# Inspect the active source
$ sq inspect

However, some commands (for ergonomic reasons) don’t accept a source handle as an argument.

# Execute SQL query against the active source
$ sq sql 'SELECT * FROM actor'

For these commands, you can generally use the --src flag to override the active source for just that single command invocation.

# Execute SQL query against the @sakila_pg source
$ sq sql 'SELECT * FROM actor' --src @sakila_pg

When sq acts on a source, it uses the catalog and schema specified in the source’s location, or the default catalog and schema if not explicitly specified in the location. For example, a Postgres source defaults to the public schema.

For some commands, you can override the catalog and/or schema for just that single command invocation.

# Execute SQL query against the active, using the "public" schema in
# the "inventory" catalog.
$ sq sql 'SELECT * FROM products' --src.schema inventory.public

--src.schema accepts a schema, or catalog, or both (delimited by a period).

# Target the "public" schema in the source's default catalog.
$ sq sql 'SELECT * FROM products' --src.schema public

# Target the "public" schema in the "inventory" catalog.
$ sq sql 'SELECT * FROM products' --src.schema inventory.public

# Target the default schema in the source's "inventory" catalog.
$ sq sql 'SELECT * FROM products' --src.schema inventory.

For commands that accept both --src and --src.schema flags, you can combine them:

# Execute SQL query against the @sakila_pg source, using
# the "public" schema in the "inventory" catalog.
$ sq sql 'SELECT * FROM products' --src @sakila_pg --src.schema inventory.public


Use sq rm to remove a source (or group of sources).

# Remove a single source.
$ sq rm @sakila_pg

# Remove multiple sources at once.
$ sq rm @sakila_pg @sakila_sqlite

# Remove all sources in the "dev" group.
$ sq rm dev

# Remove a mix of sources and groups.
$ sq rm @prod/customer staging


Use sq mv to move (rename) sources and groups. sq mv works analogously to the UNIX mv command, where source handles are equivalent to files, and groups are equivalent to directories.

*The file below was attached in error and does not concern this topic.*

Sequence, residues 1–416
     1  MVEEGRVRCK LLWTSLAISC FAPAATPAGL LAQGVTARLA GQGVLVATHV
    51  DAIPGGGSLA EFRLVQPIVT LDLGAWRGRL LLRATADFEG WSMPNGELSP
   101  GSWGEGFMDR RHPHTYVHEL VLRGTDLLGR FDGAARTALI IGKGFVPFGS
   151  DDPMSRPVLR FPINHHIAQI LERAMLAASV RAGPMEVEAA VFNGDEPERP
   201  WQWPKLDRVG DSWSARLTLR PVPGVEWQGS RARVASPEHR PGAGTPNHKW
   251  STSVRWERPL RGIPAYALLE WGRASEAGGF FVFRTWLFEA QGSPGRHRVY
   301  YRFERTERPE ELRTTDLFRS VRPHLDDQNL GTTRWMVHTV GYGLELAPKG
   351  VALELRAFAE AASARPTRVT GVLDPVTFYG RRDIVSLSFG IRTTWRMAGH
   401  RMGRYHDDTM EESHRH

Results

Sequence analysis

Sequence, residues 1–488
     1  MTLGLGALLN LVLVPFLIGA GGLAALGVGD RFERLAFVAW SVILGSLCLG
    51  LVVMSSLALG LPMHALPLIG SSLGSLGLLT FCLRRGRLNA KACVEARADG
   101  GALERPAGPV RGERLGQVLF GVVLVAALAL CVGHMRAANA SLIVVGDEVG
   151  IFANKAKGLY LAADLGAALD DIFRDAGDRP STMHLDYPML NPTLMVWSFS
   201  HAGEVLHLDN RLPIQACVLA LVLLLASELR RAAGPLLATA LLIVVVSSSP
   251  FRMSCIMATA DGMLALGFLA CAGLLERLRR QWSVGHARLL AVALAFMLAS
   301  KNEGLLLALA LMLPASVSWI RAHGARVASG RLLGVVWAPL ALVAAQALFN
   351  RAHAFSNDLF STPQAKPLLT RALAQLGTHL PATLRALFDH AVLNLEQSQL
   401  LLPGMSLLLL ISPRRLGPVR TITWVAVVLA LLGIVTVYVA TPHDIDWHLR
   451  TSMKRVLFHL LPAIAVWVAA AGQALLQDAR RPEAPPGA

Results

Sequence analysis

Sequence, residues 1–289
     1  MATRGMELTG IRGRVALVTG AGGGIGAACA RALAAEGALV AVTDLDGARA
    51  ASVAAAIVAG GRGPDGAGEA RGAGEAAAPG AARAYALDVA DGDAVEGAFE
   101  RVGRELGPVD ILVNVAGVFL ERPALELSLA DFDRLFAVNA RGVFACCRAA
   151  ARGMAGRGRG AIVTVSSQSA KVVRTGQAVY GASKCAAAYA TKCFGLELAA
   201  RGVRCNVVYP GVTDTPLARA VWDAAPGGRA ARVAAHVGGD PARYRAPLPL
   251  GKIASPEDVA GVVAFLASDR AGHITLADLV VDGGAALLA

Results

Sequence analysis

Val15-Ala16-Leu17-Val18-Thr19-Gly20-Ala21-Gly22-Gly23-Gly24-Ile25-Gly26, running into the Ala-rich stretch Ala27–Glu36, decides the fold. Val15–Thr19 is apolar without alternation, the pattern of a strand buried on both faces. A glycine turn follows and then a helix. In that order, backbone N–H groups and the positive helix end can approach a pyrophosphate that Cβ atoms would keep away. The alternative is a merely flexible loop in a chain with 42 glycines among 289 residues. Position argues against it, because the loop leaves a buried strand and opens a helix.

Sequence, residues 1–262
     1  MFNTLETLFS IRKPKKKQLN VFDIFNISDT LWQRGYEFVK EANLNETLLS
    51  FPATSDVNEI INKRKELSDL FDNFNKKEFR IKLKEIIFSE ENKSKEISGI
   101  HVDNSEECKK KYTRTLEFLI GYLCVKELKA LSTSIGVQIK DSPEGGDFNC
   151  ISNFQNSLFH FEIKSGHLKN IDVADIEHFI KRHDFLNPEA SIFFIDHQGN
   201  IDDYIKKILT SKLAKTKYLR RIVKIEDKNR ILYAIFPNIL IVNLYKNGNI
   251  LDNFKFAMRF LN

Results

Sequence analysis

# Rename a source
$ sq mv @dev/sales @dev/europe/sales
@dev/europe/sales  csv  sales.csv

# Move a source into a group (the group need not exist beforehand).
$ sq mv @dev/customer dev/europe
@dev/europe/customer  csv  customer.csv

# Rename a group (and by extension, rename all of the group's sources).
$ sq mv dev/europe dev/europa


Use sq ping to check the connection health of your sources. If invoked without argumetns, sq ping pings the active source. Otherwise, supply a list of sources or groups to ping.

# Ping the active source.
$ sq ping

# Ping all sources.
$ sq ping /

# Ping @sakila_my, and sources in the "prod" and "staging" groups
$ sq ping @sakila_my prod staging

sq ping


If you find yourself dealing with a large number of sources, sq provides a simple mechanism to structure groups of sources. A typical handle looks like @sales. But if you use a path structure in the handle like @prod/sales, sq interprets that prod path as a group.

For example, let’s say you had two databases, customer and sales, and two environments, dev and prod. You might naively add sources @dev_customer, @dev_sales, @prod_customer, and @prod_sales.

# This example is using a CSV data source, but it could be postgres, mysql, etc.
$ sq ls
@dev_customer   csv  customer.csv
@dev_sales      csv  sales.csv
@prod_customer  csv  customer.csv
@prod_sales     csv  sales.csv

Now, if you have dozens (or hundreds) of sources, interacting with them becomes burdensome. Enter the groups mechanism. Let’s add these sources instead: @dev/customer, @dev/sales, @prod/customer, @prod/sales.

$ sq ls
@dev/customer   csv  customer.csv
@dev/sales      csv  sales.csv
@prod/customer  csv  customer.csv
@prod/sales     csv  sales.csv

So, the _ char has been replaced with /… what’s the big difference you ask?

sq interprets /-separated path values in the handle as groups. By default, you start out in the root group, represented by /. Use sq group to see the active group: